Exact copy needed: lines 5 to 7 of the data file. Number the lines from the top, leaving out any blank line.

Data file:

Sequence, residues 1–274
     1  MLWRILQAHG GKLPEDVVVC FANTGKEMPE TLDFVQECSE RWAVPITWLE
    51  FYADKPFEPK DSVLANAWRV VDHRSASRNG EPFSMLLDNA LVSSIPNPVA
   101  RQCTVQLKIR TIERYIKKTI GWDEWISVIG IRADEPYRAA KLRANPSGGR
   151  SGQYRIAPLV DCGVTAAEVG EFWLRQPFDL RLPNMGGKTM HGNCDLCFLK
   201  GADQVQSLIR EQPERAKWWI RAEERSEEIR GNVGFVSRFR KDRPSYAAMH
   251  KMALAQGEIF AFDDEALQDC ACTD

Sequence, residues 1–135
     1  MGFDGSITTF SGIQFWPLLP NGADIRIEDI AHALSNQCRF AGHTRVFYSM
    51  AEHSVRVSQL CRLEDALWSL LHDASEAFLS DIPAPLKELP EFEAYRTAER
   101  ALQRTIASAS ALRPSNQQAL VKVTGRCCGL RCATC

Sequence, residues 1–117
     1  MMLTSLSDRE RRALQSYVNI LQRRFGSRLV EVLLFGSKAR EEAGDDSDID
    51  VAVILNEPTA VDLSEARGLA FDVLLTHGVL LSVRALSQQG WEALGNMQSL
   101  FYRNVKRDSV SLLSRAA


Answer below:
   151  SGQYRIAPLV DCGVTAAEVG EFWLRQPFDL RLPNMGGKTM HGNCDLCFLK
   201  GADQVQSLIR EQPERAKWWI RAEERSEEIR GNVGFVSRFR KDRPSYAAMH
   251  KMALAQGEIF AFDDEALQDC ACTD